When the temperatures are cold but the weather is dry, a dog puffer jacket is a better choice. With warm padding and insulation, these coats helps to keep dogs warm and protected from cold winds.
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7. Wipe your dog down when you get home
When walking a dog in winter, expect them to get a lot more wet and muddy than usual!
Regular baths can help to keep your dog clean and healthy - and remember, you don't always need to use dog shampoo, as doing so too frequently can cause skin irritation and a dry coat.
When the roads get icy, rock salt is often used to help with de-icing. Many people aren't aware that rock salt (a combination of sodium chloride and clit), poses toxicity risks to dogs.
The RSPCA has reported that even ingesting small amounts of rock salt can be dangerous for dogs, causing dehydration, vomiting and lethargy.
Dogs commonly ingest rock salt by licking their paws and fur, so pay close attention to your dog’s paws, legs and belly area and give them a good wipe down as soon as your home.
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How do I protect my dog in winter?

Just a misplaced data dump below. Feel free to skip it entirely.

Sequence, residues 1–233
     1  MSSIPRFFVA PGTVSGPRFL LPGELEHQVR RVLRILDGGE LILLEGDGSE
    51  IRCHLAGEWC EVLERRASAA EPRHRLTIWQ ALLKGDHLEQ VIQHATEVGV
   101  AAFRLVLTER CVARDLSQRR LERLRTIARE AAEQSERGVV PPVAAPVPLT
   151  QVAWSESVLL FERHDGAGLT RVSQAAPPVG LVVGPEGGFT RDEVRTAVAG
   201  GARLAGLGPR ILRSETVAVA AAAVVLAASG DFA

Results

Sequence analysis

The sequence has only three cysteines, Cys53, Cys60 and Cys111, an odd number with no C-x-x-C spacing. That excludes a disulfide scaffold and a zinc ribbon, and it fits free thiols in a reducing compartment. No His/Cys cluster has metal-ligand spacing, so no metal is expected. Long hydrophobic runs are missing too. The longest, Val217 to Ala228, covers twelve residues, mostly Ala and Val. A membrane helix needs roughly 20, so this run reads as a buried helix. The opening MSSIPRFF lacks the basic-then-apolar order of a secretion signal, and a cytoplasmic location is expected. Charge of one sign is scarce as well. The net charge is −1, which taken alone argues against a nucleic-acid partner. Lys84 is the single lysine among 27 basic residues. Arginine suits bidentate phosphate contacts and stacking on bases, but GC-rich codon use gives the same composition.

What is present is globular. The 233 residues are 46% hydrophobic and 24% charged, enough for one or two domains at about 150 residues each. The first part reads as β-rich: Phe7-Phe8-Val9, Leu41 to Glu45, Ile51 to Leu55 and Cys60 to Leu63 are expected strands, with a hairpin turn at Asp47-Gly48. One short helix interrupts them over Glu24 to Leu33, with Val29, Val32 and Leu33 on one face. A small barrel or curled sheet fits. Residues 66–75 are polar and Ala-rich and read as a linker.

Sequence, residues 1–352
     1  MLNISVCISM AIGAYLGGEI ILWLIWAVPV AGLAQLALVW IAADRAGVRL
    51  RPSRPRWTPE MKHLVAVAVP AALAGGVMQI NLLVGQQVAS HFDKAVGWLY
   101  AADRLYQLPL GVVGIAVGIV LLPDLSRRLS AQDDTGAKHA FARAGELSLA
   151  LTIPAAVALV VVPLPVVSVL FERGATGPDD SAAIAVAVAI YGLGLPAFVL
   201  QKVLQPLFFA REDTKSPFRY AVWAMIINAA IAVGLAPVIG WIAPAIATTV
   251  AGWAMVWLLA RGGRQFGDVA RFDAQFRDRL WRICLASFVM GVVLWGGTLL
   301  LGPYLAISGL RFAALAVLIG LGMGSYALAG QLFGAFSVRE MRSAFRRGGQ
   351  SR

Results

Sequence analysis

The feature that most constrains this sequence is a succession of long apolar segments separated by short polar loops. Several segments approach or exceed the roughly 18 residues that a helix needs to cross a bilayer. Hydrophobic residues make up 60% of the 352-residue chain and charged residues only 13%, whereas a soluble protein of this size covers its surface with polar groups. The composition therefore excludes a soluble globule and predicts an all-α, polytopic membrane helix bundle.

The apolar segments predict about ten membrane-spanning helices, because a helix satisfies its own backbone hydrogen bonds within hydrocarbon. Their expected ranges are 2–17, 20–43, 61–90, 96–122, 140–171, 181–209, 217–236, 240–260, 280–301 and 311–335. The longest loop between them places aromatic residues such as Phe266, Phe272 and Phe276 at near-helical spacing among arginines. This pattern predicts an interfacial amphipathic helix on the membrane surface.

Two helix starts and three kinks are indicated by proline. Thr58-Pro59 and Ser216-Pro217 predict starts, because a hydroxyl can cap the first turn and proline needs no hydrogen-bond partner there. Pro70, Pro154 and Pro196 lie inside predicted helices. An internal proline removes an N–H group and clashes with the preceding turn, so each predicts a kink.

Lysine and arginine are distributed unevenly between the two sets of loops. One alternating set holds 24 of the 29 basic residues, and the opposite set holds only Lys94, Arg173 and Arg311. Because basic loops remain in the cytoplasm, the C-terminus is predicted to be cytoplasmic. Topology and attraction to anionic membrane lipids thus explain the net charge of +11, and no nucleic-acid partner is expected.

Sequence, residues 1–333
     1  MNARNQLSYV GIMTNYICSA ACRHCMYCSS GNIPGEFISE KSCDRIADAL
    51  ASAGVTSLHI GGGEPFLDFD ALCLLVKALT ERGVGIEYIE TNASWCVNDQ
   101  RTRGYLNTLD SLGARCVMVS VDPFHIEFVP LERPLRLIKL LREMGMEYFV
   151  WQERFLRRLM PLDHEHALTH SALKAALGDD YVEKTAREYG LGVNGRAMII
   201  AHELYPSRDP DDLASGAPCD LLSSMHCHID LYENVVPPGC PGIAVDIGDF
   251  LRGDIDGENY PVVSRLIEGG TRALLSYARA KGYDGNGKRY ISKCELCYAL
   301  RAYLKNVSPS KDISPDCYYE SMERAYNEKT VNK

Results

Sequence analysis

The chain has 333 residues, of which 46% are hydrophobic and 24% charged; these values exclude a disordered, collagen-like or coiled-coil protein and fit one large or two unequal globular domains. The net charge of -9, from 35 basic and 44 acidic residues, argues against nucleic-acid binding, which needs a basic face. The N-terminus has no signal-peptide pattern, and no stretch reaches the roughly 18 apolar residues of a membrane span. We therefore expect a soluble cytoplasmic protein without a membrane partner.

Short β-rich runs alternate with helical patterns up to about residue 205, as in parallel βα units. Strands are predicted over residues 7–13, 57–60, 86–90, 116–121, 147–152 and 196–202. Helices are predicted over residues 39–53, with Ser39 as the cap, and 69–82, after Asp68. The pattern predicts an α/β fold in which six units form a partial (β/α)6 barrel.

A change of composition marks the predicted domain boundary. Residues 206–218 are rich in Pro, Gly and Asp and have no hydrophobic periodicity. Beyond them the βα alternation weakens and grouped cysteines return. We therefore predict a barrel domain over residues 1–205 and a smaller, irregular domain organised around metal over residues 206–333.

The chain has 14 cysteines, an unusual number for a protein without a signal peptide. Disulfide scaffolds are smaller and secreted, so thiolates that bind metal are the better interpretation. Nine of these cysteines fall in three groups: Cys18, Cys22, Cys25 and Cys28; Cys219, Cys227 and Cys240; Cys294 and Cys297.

Use our winter dog walking guidelines to keep your dog protected from the elements that accompany colder seasons.
When it comes to keeping your dog warm at home during winter, be sure to:
- Invest in lots of comfy and warm bedding to keep them cosy through the night
- Avoid positioning your dog’s bed in an area of the house where there are cold draughts.
- If possible, raise their bed above the ground away from the cold floor
- Make sure they get enough food to keep their energy levels up. Awareness of your dog's nutrition and diet is essential.
- To avoid them catching a chill, avoid letting them air dry when wet. Instead, use a towel to dry them off to get rid of most of the moisture on their fur.
⚠️ Important: If you're worried that your dog may be suffering from cold-related health issues, contact your local vet as soon as possible for professional advice.